On March 15, Popular Information reported that Kroger, the largest supermarket chain in the United States, was maintaining sick leave policies that incentivize workers to show up ill. Many of Kroger's 453,000 employees do not receive paid sick leave.
Kroger created a special paid leave policy for COVID-19. But workers were only eligible if they tested positive for COVID-19 or were formally placed into quarantine. With a shortage of tests and governments advising people to self-quarantine, few people qualified.
On Tuesday, Kroger announced no changes to its sick leave policy but said it would give all its workers a $25 credit for groceries. A top Kroger executive sent a message to workers saying he hoped the $25 credit showed workers "how much you mean" to the company.
Kroger also attacked this newsletter, saying Popular Information's reporting "only serves to divide people at a time when we should all be pulling together to manage this public health crisis."
On Wednesday, Popular Information reported that Publix, a large supermarket chain that operates in the South, had a much more expansive paid sick leave policy for COVID-19. The Publix policy allows workers to qualify for paid sick leave if they were "experiencing symptoms of COVID-19" or "[r]ecommended by a health care provider or regulatory/government body to self-quarantine due to potential risk to public health."
On Saturday morning, Kroger announced it was significantly expanding its paid sick leave policy for COVID-19. Its policy largely mirrors that of Publix. Kroger employees will now qualify for two weeks of paid sick leave if they have symptoms or place themselves in self-isolation.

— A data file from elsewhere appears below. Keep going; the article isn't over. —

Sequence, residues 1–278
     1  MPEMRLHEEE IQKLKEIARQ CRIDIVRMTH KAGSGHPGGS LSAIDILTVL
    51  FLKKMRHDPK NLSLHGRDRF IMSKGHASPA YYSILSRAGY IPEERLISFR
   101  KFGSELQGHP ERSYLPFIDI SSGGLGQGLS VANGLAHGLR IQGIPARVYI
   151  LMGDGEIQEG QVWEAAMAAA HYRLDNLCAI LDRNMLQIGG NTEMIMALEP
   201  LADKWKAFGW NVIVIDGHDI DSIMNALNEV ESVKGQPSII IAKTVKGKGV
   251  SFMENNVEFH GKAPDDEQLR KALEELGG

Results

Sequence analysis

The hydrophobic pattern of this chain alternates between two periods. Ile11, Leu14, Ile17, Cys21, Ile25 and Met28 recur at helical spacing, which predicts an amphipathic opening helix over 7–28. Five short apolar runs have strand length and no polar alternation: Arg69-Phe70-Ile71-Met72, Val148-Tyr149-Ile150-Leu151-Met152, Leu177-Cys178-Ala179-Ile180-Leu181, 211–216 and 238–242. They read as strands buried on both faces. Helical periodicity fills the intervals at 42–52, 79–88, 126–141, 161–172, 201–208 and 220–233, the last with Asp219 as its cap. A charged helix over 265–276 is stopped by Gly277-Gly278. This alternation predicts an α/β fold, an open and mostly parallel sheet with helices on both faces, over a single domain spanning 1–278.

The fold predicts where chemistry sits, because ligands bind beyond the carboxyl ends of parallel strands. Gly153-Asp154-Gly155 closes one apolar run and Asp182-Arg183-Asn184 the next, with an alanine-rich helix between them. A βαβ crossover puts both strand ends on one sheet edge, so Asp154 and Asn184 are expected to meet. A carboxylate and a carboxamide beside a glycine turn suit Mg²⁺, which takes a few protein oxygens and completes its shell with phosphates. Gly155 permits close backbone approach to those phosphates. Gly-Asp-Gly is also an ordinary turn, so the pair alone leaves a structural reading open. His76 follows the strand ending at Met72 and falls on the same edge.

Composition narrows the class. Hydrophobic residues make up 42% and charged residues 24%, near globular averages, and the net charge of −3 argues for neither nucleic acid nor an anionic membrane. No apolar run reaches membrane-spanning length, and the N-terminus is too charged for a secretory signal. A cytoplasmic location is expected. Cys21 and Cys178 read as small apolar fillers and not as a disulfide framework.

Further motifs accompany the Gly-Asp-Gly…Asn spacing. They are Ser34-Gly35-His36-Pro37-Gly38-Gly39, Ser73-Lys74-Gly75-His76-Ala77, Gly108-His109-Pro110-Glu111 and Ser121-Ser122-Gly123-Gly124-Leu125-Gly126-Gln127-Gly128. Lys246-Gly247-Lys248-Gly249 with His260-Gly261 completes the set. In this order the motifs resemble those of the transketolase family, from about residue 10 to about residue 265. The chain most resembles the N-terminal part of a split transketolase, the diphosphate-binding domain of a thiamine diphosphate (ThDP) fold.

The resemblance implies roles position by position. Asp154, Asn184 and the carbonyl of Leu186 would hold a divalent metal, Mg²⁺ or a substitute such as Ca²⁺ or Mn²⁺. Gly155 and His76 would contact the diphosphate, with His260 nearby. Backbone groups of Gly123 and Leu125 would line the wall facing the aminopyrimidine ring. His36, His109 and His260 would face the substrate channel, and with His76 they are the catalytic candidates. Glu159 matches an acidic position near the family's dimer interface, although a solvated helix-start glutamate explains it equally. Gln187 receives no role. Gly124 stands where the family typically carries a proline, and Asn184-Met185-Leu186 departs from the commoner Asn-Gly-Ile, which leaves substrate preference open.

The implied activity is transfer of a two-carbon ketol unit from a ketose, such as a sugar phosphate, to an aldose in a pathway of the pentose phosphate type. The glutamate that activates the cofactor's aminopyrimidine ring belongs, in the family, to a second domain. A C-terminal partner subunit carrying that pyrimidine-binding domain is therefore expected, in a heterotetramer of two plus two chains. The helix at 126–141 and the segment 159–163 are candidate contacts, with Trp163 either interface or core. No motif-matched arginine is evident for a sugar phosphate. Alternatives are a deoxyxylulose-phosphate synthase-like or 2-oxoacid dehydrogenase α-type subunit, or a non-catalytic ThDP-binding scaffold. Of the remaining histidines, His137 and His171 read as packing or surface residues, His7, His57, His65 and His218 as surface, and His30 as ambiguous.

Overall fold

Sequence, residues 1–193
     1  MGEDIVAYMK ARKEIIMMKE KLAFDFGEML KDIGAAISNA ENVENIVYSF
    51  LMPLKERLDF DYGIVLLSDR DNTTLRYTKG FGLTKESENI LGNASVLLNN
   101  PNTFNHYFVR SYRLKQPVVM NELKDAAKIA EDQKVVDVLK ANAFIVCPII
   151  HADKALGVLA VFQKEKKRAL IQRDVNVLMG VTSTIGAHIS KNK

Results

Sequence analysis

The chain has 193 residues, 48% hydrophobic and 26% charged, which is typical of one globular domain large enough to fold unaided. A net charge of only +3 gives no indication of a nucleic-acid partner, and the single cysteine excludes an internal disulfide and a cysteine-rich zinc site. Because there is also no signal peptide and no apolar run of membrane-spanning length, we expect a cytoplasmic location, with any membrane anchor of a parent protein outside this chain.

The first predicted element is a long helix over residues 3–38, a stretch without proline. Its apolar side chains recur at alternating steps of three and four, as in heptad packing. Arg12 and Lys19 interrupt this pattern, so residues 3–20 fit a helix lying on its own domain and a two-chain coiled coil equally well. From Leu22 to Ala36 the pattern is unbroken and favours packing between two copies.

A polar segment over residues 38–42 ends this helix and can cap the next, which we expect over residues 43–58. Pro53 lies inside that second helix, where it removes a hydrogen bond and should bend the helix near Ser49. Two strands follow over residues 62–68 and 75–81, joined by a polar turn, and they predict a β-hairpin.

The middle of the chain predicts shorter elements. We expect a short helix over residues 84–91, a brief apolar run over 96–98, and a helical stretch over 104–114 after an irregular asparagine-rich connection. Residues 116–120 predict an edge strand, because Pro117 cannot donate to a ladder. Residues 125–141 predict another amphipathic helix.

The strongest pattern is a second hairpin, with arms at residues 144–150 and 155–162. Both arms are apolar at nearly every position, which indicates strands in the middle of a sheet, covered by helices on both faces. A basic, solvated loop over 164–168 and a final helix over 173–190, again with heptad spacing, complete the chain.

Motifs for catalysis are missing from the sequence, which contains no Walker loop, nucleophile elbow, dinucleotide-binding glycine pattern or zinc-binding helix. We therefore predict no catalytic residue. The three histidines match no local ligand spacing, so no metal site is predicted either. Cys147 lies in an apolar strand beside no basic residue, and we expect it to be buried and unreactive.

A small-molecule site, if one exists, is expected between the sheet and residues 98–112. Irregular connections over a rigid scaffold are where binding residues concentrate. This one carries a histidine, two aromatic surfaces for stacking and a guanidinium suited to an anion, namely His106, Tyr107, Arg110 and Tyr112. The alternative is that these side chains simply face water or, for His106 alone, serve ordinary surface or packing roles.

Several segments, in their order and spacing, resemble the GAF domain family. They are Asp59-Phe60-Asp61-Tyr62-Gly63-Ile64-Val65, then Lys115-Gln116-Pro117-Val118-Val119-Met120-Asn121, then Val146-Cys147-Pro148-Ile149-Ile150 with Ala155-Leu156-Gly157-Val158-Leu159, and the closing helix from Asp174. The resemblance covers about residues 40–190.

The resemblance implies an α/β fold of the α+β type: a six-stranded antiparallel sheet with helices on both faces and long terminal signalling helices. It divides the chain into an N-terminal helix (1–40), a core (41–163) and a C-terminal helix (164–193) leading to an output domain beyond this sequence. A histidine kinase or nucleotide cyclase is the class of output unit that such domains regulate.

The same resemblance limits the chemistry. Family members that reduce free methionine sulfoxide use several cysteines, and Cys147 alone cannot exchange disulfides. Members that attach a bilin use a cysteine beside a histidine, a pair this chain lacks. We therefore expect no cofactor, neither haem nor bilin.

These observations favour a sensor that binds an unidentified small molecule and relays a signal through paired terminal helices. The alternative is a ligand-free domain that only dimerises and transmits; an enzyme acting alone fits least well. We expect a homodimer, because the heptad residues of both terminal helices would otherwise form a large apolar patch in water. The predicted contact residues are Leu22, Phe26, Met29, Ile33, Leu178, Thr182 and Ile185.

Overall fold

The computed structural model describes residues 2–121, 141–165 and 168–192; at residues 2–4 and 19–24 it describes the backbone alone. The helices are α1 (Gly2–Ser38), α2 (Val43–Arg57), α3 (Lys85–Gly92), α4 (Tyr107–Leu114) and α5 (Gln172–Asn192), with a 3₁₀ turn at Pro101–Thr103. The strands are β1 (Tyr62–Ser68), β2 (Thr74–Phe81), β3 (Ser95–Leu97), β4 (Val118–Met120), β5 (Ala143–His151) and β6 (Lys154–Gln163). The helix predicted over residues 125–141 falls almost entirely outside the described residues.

Kroger's plan differs from Publix in that it requires the symptoms or decision to self-isolate to be "verified by an appropriate health care professional." But such verification should be easier to obtain than a COVID-19 test or formal quarantine order.
Kroger is also giving its full-time workers a bonus of $300 and its part-time workers $150.
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Kroger's new policy is not a substitute for real paid sick leave. The pandemic will eventually end, and workers will be back where they started. Even now, many Kroger workers will not get paid if they stay home for an illness other than COVID-19.
Congress has required employers with more than 50 or less than 500 employees to provide 14 days of paid sick leave during the pandemic. But large employers like Kroger and Amazon, which is maintaining a very restrictive COVID-19 policy, are exempt.
Photo credit: Dwight Burdette via Wikimedia Commons